Here’s an interesting item: This article talks about the decision of Seattle’s Experience Music Project and Science Fiction Museum to allow non-flash photography in their exhibits. One-off or trend? I think the latter—that this is an early signal of a growing movement to question the traditional policy of “no photography allowed in the galleries.” This policy evolved to protect the objects, of course, as well as out of concerns for copyright. Why question it now?
I can think of several reasons:
• In an era of ubiquitous cell phone cameras it is impractical to enforce.
• With respect to preservation, as long as the camera doesn’t have a flash (and most cell phone cameras don’t), it isn’t an issue.
• With respect to copyright, give me a break—most of these photos are of such quality, overall, that they are no threat to the potential income sources of artists or museums.
• Allowing, or even better, encouraging people to take photos and share them with their friends through email, Facebook, Flickr and other social media is a great way to cultivate social experiences around the museum visit and spread the good word about why other people may want to come.
Nina Simon recently expressed her own frustration with restricted photo policies, arguing persuasively that such policies should be as open as possible. It has also been a lively topic of discussion on the listserve Museum-L.
As a former registrar-cum-collections manager, I realize how convenient it is, when struggling to set boundaries, to present a clear black-and-white delineation of what is acceptable and not acceptable in museum practice. “No food or drink in galleries, ever!” is another such popular dictum. But the more museum staff understand the real benefits and risks involved in such decisions, the hollower such reductionist arguments sound. Letting someone take snapshots for personal use isn’t the end of museum civilization as we know it. And some galleries are more at risk from food and drink at receptions—depending on the type of objects (lithics or textiles?), how they are displayed (cases or no cases?), the nature of the gallery (carpet or tile?) and the food (passed canapés or serving stations with Sterno?!).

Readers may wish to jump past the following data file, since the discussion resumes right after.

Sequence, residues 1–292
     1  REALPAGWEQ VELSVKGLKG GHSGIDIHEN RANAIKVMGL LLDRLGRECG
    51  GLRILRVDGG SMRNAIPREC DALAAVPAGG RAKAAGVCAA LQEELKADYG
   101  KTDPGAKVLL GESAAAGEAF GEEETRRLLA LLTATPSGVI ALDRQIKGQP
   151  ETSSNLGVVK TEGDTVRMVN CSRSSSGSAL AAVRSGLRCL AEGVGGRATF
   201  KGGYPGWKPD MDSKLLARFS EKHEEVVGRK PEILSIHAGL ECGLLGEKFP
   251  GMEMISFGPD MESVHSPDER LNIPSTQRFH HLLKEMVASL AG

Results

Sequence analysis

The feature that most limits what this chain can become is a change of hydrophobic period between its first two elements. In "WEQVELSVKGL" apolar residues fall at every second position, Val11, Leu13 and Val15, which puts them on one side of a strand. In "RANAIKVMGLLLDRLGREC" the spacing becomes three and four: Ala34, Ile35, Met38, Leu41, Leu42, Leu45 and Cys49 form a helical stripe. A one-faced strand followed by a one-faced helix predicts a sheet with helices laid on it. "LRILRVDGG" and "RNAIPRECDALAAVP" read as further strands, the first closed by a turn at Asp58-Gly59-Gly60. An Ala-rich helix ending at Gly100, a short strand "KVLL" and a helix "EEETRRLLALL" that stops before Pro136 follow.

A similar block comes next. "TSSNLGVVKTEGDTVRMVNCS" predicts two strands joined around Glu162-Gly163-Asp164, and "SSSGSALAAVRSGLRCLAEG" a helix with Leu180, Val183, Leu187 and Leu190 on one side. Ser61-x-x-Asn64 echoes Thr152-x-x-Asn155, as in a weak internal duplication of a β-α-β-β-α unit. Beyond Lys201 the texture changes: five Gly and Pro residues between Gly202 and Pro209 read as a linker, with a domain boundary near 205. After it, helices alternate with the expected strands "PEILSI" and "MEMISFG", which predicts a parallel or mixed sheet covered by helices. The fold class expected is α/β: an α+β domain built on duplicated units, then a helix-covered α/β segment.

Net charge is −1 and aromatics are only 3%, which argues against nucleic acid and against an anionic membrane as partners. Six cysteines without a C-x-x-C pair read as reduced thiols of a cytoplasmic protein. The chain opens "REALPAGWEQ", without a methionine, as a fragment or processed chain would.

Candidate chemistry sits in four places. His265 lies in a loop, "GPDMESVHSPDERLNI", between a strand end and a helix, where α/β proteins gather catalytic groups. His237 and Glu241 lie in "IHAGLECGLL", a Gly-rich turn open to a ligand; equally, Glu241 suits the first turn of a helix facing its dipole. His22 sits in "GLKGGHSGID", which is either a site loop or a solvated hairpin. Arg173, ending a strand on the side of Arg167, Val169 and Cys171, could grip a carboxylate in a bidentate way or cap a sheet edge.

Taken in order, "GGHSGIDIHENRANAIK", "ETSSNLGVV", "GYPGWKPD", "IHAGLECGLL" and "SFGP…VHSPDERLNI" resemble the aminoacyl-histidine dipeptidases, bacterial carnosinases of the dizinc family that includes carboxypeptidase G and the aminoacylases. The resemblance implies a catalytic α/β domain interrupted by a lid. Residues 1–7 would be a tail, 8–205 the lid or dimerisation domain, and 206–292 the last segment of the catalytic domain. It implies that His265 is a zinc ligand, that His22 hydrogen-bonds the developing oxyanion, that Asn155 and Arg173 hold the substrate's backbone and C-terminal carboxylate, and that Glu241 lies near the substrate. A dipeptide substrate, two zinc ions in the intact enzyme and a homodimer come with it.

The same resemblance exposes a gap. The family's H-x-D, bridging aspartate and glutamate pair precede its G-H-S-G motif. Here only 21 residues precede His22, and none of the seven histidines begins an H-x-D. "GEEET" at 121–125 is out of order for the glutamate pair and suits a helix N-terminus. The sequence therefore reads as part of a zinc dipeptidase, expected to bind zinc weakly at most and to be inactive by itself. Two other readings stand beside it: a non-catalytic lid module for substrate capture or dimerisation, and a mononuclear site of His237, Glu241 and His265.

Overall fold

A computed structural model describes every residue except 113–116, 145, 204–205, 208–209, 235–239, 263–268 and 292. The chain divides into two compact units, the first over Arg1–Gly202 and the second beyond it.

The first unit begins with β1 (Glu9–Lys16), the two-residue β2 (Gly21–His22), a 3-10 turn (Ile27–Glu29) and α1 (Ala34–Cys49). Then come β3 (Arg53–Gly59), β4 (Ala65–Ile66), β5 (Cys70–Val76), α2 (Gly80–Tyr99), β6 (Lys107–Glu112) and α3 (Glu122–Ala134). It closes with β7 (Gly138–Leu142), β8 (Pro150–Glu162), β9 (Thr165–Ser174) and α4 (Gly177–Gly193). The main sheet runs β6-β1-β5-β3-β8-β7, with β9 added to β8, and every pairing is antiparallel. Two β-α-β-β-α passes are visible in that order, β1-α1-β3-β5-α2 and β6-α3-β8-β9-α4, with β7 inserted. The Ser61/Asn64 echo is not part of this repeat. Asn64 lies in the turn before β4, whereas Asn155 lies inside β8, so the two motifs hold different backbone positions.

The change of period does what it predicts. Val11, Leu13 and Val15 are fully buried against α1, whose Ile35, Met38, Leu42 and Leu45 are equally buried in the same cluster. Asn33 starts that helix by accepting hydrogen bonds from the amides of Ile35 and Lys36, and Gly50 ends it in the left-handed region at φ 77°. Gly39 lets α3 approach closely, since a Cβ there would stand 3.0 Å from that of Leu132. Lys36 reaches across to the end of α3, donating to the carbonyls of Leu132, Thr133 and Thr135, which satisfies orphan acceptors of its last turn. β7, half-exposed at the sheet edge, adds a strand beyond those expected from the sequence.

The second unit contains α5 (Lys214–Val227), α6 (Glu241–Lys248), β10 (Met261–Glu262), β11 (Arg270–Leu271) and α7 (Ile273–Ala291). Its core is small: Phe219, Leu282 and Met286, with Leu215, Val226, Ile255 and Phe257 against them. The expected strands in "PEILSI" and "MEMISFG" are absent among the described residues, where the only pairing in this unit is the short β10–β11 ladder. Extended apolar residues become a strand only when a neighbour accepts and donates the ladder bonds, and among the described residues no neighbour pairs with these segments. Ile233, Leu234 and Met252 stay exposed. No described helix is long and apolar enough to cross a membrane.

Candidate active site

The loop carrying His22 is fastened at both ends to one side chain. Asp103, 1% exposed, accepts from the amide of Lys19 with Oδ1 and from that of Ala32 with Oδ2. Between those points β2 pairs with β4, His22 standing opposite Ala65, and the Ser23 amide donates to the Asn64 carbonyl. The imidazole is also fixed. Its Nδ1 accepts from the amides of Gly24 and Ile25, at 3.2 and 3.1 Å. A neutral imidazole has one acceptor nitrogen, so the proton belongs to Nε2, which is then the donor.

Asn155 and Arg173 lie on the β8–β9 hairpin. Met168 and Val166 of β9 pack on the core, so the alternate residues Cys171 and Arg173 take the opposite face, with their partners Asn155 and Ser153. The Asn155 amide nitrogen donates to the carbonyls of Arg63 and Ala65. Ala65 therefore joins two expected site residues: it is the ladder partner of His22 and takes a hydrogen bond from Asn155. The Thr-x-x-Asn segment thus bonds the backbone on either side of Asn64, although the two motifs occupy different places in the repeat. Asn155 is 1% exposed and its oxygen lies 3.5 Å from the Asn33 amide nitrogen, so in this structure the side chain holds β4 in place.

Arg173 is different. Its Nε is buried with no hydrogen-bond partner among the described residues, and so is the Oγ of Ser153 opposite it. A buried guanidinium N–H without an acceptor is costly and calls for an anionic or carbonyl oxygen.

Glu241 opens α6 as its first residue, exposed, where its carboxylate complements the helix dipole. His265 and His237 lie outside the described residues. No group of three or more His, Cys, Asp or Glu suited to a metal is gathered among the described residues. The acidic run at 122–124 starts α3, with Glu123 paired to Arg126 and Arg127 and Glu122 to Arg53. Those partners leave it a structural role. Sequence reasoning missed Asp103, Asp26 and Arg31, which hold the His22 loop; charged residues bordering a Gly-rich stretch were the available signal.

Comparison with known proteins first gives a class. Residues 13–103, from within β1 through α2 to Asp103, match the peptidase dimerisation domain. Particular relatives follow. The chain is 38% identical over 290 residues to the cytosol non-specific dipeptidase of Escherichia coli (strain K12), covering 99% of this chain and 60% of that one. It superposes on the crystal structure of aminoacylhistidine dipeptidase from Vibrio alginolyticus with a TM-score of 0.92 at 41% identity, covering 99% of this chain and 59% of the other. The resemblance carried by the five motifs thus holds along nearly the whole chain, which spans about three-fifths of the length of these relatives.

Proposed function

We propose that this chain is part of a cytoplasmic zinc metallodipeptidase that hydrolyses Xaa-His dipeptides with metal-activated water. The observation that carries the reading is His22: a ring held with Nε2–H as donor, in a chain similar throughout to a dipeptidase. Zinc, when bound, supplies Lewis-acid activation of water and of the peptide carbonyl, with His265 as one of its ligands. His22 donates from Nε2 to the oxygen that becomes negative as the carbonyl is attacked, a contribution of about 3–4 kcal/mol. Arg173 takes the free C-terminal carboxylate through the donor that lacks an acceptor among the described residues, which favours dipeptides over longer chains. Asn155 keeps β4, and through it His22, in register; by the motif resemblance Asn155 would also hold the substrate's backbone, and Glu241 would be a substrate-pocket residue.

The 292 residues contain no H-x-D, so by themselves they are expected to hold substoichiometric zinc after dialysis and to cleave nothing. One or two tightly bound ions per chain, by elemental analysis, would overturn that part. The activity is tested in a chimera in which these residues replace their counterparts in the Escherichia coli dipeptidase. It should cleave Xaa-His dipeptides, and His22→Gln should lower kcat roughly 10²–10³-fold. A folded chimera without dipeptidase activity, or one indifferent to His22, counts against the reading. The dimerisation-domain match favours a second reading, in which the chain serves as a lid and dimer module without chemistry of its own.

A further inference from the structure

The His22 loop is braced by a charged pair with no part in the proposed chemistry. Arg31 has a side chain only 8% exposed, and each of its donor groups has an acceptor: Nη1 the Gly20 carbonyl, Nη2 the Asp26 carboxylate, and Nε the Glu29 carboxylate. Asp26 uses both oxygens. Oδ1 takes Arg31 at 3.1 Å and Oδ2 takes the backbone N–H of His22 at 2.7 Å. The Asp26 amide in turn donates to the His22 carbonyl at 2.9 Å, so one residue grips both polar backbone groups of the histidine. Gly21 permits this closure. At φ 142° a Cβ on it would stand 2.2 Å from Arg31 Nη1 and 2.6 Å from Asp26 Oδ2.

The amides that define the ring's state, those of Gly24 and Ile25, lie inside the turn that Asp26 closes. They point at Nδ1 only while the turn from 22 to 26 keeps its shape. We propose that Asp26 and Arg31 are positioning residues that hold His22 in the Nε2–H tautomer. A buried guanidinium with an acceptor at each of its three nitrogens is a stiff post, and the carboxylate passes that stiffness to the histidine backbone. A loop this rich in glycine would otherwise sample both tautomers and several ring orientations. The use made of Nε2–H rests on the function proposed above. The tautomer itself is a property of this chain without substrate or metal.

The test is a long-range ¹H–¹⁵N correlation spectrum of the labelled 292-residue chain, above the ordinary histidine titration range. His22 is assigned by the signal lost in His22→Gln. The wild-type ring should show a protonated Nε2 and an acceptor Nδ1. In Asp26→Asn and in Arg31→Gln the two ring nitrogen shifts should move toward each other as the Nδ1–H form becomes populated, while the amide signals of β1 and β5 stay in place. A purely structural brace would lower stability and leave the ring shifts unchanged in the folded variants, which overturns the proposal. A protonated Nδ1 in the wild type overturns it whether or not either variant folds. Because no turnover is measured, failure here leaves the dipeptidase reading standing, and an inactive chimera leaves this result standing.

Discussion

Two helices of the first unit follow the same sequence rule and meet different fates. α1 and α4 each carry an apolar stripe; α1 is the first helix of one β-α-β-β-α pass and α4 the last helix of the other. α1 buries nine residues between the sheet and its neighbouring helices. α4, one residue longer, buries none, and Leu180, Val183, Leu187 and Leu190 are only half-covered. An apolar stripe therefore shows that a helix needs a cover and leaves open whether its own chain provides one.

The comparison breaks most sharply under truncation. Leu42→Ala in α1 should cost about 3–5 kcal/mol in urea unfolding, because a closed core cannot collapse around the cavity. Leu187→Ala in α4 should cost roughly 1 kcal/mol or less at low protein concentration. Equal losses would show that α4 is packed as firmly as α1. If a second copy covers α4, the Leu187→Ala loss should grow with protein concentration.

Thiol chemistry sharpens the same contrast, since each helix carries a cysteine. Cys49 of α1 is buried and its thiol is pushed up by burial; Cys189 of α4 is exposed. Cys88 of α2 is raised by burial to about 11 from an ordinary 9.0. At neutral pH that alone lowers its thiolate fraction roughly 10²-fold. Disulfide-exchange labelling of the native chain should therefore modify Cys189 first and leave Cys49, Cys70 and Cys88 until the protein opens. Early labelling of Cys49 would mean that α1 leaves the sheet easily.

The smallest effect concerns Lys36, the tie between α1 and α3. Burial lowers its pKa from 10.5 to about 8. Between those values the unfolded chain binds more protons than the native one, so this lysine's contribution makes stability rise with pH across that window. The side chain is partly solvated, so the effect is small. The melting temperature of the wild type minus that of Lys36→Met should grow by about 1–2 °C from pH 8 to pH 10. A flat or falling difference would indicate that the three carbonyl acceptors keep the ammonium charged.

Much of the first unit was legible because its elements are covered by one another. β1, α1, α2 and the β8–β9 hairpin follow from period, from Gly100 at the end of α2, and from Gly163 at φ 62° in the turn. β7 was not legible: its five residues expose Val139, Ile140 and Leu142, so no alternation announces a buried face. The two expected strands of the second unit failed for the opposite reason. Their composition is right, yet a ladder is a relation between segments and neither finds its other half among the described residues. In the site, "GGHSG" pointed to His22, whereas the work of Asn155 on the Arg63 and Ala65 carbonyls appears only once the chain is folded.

To the extent that some practices pose measurable risks, we may choose to accept them anyway—and our tolerance for risk may change over time. I speculate in this post about the possibility that in the future, society—and museums—may give more weight to the benefits of access, even at the potential cost of preservation.
One thing that might drive such a change is a better understanding of the risks related to people, to balance our pretty thorough understanding of the risks to objects. Perhaps I should call this “risks to relationships”—the potential damage to our relationships with visitors when we ban various behaviors. Because museum staff are trained in object preservation, and rarely trained in human psychology, these risks may go unnoticed and unmeasured. Sure, it’s possible some people may be annoyed enough by what they regard as unnecessary rules to complain, but most will grumble to themselves. Others may not even be consciously annoyed by the rules, but may enjoy their museum experience less than they would if the restrictions did not exist. And, consequentially, they may visit museums less frequently or over time may come to think of museums as places they don’t enjoy visiting. This is an important risk, and needs to be weighed in the balance when making decisions about access versus use.
So now might be a good time to take a fresh look at your museum’s photography policy. Is it reasonable? Necessary? Enforceable? Would you and your visitors be better served by something more nuanced and flexible? It might not be an easy or comfortable argument to have internally, and it may take more training for staff to consistently and appropriately enforce a policy more complex than a simple ban. But no one said that running a good museum was easy …
Weigh in here to share how your museum’s photo policies are evolving. Or not.